Tampa Harassment Attorney
A Skilled Trial Lawyer to Protect Your Rights and Safety in Florida
Harassment in the workplace is one of the worst things you should not have to endure. Whether you are being harassed or ostracized for your religion, gender, race, or other trait, you have the right to take legal action against the offender. State and federal laws protect you against prejudice in the workplace, and Lee Law is here to help you assert those rights. The firm is led by a skilled trial lawyer who has taken cases as high up as federal court, and Attorney Kyle Lee will provide personalized, one-on-one legal assistance to help you seek justice and remedy in the face of unlawful harassment.
Schedule a free consultation with Lee Law for more information.
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What Constitutes Harassment?
The Florida Civil Human Rights Acta protects workers from unlawful discrimination and harassment in the state. Generally, harassment is defined as any unwelcome verbal, visual, or physical conduct that is “severe or pervasive” and that affects your working conditions or otherwise creates a hostile working environment for you. In order to bring forward a claim of workplace harassment, the conduct must meet the following requirements:
- You were required to endure the conduct as a condition of your employment.
- The harassment was severe or pervasive enough that any reasonable person would consider it to be abuse.
There are two types of workplace harassment in Florida that could lead to a liability lawsuit:
- Quid pro quo harassment – a superior requests sexual favors from an employee in exchange for a raise, promotion, or some other work benefits, and the employee’s acceptance or denial of sexual favors will determine the superior’s employment decisions
- Hostile work environment harassment – unwanted conduct that is severe or recurring makes it difficult or otherwise uncomfortable for an employee to work
Some examples of behavior that constitutes harassment are:
- Making repeatedly offensive jokes
- Using racial slurs
- Consistently putting someone down for their race, religion, color, gender, national origin, age, disability, or genetic information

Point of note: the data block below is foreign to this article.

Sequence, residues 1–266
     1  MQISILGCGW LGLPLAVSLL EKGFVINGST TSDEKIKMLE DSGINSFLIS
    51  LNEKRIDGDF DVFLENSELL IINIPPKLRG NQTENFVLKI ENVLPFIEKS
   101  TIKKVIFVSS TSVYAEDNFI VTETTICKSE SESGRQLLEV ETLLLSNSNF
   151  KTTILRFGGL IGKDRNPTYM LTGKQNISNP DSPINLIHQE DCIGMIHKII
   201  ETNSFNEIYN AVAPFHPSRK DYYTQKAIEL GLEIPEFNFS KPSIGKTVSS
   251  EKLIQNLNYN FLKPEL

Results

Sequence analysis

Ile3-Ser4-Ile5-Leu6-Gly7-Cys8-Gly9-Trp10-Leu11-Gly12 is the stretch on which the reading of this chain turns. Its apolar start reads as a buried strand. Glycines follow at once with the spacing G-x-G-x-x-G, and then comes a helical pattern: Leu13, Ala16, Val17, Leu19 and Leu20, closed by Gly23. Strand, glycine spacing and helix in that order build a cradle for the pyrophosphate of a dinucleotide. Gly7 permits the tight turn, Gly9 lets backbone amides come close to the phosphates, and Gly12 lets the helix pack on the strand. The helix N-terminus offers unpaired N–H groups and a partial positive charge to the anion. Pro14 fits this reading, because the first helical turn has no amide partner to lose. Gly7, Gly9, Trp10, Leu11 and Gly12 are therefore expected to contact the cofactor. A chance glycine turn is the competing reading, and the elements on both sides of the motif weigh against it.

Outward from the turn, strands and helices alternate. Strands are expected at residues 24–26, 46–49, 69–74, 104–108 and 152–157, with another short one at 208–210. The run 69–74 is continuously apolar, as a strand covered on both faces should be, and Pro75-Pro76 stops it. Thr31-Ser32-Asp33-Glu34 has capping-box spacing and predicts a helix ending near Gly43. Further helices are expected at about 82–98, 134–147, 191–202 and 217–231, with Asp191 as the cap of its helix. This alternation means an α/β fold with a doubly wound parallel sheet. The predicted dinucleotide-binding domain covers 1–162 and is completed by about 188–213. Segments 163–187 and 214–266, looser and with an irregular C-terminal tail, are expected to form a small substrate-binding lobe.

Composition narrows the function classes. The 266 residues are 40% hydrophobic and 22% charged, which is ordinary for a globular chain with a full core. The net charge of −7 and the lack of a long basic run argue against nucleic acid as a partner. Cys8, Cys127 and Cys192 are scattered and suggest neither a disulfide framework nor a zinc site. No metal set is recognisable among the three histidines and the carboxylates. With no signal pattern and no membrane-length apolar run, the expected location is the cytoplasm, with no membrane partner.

- Displaying pictures or items someone finds offensive
- Behaving in a way that terrorizes or bullies
In most cases, a single instance of harassment may not be enough to prove a case; several consistent instances of harassing conduct will make for a stronger claim of harassment, as in the case of bullying or discriminatory jokes.
Filing a Claim of Harassment
If you have experienced harassment in the workplace, you should first notify your employer about the behavior. Employers have the legal duty to foster a safe and non-discriminatory workplace, so it is their responsibility to investigate any claims of harassment and make reasonable attempts to stop the conduct.
In the case that your employer does not resolve the situation accordingly, you can take legal action by filing a claim against your employer. The claim you file will depend on the situation, such as filing a claim of discrimination for discrimination-based harassment.
Visit the following pages to learn more about filing a discrimination claim:
- Religious discrimination
- Age discrimination
- Disability discrimination
- Gender discrimination
- Race discrimination
Co-workers or other employees who witness you or someone else being harassed may also file a claim on your behalf.
You should not have to endure any degree of harassment in the workplace. If you are experiencing sexual or discriminatory harassment of any kind, your employer should be held liable for condoning this conduct. Lee Law can take a closer look at your case to determine your legal options moving forward, including notifying your employer and/or filing a claim with the appropriate government department if your employer does not resolve the issue.
Schedule a free consultation today to get started. You won’t get charged anything unless the firm wins your case.